My partner has the recurring image of the eye of the needle. The bible stories sit amongst us like all the great tales, to comfort and instruct about an older knowledge that's always present. Christianity seems to hold its own test of significance in that needles eye.
Thanks for writing this Dougald. Please keep exploring this aspect of "new-ruining"? "up-ruining"? "re-ruining"? It brought to mind the old Welsh chapel pew which we bought in an auction when the chapel closed some years ago and have outside our front door for putting our boots on. It used to be prayed on and now it's used most days to put boots on. I shall ponder that signficance next time I'm sitting on it to don my muddy boots!
A church without a roof is no less a church.
Avebury Stone Circle, many hundreds of years older than all our churches, still gives a feeling of peace, to me at least.
There is a feeling in a place. Is it made by man or nature? I don’t know. I have felt it in a cathedral, and a mosque. and amongst the stones.
Amazing, inspiring piece, Dougald. Thank you
Thanks a lot, dear Dougald, for these deep thoughts and sharing. In fact, somehow I sensed that you were “headed into these waters” as long as I started reading you. Being myself a catholic priest, one might say that I am sailing out to the “divine deep” from the opposite shore. Yet, I sense that we are somehow together on a common journey.
Do you know this song? It comes to mind...
Thanks for a stimulating piece of writing and thinking. A real conversation of thoughts!
What is Federico Campagna getting at with the idea of "making good ruins"? The way I'm thinking about this is through a notion of inverted scaffolding: it's what good ruins bring to the post-future. Speaking in metaphors, the ruined church is a potential scaffolding because what is collapsing is the exoteric dominance of its presence. Ivan Illich was glad to be living in a time of failing scaffolding, for him it promised the liberation of hope from the aspirations of power. Religious institutional collapse is a scaffolding through which its esoteric heart can emerge. To my mind a good ruin is one which is capable of sheltering and evoking the emergent gnosis of the post-future. May be we need good ruins to access the "mundus imaginalis"......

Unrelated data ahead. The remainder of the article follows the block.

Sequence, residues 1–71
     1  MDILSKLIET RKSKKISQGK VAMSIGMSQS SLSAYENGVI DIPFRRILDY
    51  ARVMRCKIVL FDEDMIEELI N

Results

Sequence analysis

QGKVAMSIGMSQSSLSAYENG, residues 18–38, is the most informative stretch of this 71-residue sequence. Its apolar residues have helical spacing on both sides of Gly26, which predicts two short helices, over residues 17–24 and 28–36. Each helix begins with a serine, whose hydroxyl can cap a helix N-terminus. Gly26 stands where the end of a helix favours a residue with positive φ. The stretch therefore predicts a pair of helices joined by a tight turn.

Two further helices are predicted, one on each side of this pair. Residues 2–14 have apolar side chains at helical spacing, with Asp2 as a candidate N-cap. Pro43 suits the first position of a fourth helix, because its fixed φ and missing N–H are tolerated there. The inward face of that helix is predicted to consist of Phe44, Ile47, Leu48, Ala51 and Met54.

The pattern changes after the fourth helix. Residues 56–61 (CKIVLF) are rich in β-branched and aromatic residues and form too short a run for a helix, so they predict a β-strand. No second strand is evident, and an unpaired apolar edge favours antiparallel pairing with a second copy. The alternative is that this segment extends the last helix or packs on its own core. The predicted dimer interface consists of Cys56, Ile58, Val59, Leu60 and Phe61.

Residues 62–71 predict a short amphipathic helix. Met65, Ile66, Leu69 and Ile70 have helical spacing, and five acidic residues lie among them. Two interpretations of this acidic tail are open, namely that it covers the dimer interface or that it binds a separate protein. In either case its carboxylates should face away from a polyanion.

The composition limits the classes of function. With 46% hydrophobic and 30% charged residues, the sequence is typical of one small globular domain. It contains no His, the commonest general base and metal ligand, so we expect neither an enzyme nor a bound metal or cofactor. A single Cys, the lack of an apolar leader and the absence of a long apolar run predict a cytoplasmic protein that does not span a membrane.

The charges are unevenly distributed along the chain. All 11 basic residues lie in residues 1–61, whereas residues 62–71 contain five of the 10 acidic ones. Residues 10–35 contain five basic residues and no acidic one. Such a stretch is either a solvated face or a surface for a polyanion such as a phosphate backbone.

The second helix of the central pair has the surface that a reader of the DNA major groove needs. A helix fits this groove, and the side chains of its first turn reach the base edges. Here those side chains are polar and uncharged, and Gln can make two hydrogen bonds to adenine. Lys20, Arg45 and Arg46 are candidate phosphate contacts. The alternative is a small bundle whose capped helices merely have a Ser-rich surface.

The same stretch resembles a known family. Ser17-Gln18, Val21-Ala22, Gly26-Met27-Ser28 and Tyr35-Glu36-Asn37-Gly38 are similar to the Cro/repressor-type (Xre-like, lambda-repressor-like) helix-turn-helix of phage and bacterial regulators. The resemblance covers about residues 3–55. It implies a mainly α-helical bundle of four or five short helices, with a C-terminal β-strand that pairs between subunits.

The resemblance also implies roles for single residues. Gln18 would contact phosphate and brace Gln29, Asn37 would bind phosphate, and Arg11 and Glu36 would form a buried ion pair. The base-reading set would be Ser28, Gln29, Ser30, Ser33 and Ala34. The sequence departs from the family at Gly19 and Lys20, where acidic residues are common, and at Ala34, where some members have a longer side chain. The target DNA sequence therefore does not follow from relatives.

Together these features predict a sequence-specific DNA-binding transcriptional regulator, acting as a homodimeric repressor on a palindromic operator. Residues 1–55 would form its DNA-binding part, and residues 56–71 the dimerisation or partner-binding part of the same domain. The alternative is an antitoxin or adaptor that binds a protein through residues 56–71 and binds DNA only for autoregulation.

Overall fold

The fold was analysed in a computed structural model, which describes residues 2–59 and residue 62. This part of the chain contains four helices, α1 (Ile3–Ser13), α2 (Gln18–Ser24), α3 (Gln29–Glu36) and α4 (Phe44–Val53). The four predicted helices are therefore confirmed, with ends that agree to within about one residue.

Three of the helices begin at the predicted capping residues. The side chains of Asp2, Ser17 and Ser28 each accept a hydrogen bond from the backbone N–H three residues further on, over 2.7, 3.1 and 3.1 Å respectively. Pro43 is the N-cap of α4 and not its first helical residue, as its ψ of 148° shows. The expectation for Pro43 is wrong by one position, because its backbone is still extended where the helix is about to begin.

Very evocative and thought-provoking, Dougald. I especially like your speculation about the vessel being turned upside down. It makes me think of things which were previously hidden coming to light, and things which previously supported from below becoming that which stirs the imagination. Also, I can't help thinking of the ark in the Bible that saved Noah and his family from the flood; the Christian tradition is full of images of arks that save, but the hull which becomes a dome goes all the way back to the creation account. Your meditation on the ruined church has, in other words, prompted me to recall the expanse that came into being on the second day, which always makes me think of an opening where forms may or may not materialise. All the best with your anticipated writing projects!
I'm still reading this.
Midway, I had to look again at my letter-poem to you, Dougald.https://theheronhouse.substack.com/p/palimpsest
The best poems are either empty pages or wild mysteries. This poem is the latter. If I understood it fully I'd be kidding myself.
I wonder if you were thinking of stave churches, which, while not literally overturned boats, were built by Viking shipbuilders as a sort of boat in reverse: https://link.medium.com/aIKnCCHfSCb
Gorgeous. Ache. Thank you for writing and sharing this.